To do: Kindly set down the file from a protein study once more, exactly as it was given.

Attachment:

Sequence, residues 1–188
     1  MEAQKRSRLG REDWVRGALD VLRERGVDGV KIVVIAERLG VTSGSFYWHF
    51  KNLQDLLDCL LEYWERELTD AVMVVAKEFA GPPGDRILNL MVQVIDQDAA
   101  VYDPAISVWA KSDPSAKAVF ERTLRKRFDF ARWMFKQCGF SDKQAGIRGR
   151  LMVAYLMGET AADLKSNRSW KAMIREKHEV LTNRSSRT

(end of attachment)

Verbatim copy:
Sequence, residues 1–188
     1  MEAQKRSRLG REDWVRGALD VLRERGVDGV KIVVIAERLG VTSGSFYWHF
    51  KNLQDLLDCL LEYWERELTD AVMVVAKEFA GPPGDRILNL MVQVIDQDAA
   101  VYDPAISVWA KSDPSAKAVF ERTLRKRFDF ARWMFKQCGF SDKQAGIRGR
   151  LMVAYLMGET AADLKSNRSW KAMIREKHEV LTNRSSRT